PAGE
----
Question times under competitive authoritarianism offer opposition deputies a public arena for criticism. I argue that autocrats grant opposition elites regular opportunities to evaluate government performance as a credible commitment to discourage protests. In a model of Bayesian persuasion, I show that arbitrary threats of violence intimidate opposition legislators into softening their criticism. It creates a biased public signal which dissuades citizens from protesting in situations where their protests would have succeeded, had no question times occurred. This analysis clarifies the role of opposition deputies under competitive authoritarianism. Unlike previous research suggests, opposition elites should have no interest in informing service provision, although autocrats would prefer informational over biased question times. But autocrats can capitalize on incentives for opposition elites to manipulate beliefs about regime support. Moreover, covert repression is essential for information manipulation, a common survival strategy in modern autocracies, although previous research interprets these concepts as mutual replacements.
Question times under competitive authoritarianism are often considered as a device for autocrats to improve service provision. An opposing view interprets them as a persuasion mechanism used to discourage civil unrest. To reconcile these interpretations, I introduce the notion of a legislator’s affinity towards democracy into the formal model of Bayesian persuasion which the latter position rests on. I then argue that partisan deputies have a lower affinity than opposition deputies, implying that partisans---not opposition deputies---are those providing valuable information to improve service delivery. Opposition participation is primarily exploited to dissuade protests. Counterintuitively, opposition deputies are predicted to more likely approve during question times than partisans. Approval reduces the risks of protest across political affiliations. I confirm these predictions using original data from a sentiment analysis of all questions raised during query sessions in Zimbabwe from September 2015 through December 2019 combined with protest data at constituency level.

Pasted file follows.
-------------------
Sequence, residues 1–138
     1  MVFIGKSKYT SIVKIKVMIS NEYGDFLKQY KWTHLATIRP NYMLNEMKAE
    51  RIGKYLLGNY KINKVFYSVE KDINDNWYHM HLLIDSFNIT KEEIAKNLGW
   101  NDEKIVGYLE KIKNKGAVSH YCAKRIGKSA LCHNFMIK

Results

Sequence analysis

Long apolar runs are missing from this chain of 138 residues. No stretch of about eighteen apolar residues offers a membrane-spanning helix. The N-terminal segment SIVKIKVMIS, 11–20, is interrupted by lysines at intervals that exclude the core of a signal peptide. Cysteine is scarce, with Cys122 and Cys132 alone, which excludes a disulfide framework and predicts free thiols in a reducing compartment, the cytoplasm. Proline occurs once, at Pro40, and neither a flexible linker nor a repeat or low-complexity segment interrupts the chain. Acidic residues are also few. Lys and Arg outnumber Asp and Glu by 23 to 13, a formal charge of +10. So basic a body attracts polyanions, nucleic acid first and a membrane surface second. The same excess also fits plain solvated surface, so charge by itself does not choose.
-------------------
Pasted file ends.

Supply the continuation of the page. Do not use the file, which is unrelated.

Two worlds of personalist dictatorship exist: in the uncontested world, no challenge erupts. A dictator’s reputation of invincibility is robust enough to fully deter potential rivals. In the contested world, rumours of lurking conspiracies abound. Disloyalty is pervasive. In this hostile environment, dictators arbitrarily publicly allege regime insiders and outsiders of conspiratorial activities and punish them ruthlessly. Such accusations serve two purposes: ruthless punishment aims to deter potential rivals, their arbitrary recurring nature to foster a reputation of invincibility. Public accusations constitute a chief survival strategy of personalist dictators. Even vulnerable dictators can build a reputation of invincibility endogenously when resorting to public accusations. Personalist dictators also endogenously render their environment more hostile to create necessary conditions for this strategy to work. Counterintuitively, conspiratorial activities decrease in the level of hostility and increase in a dictator’s reputation of invincibility unless it already fully deters potential conspirators.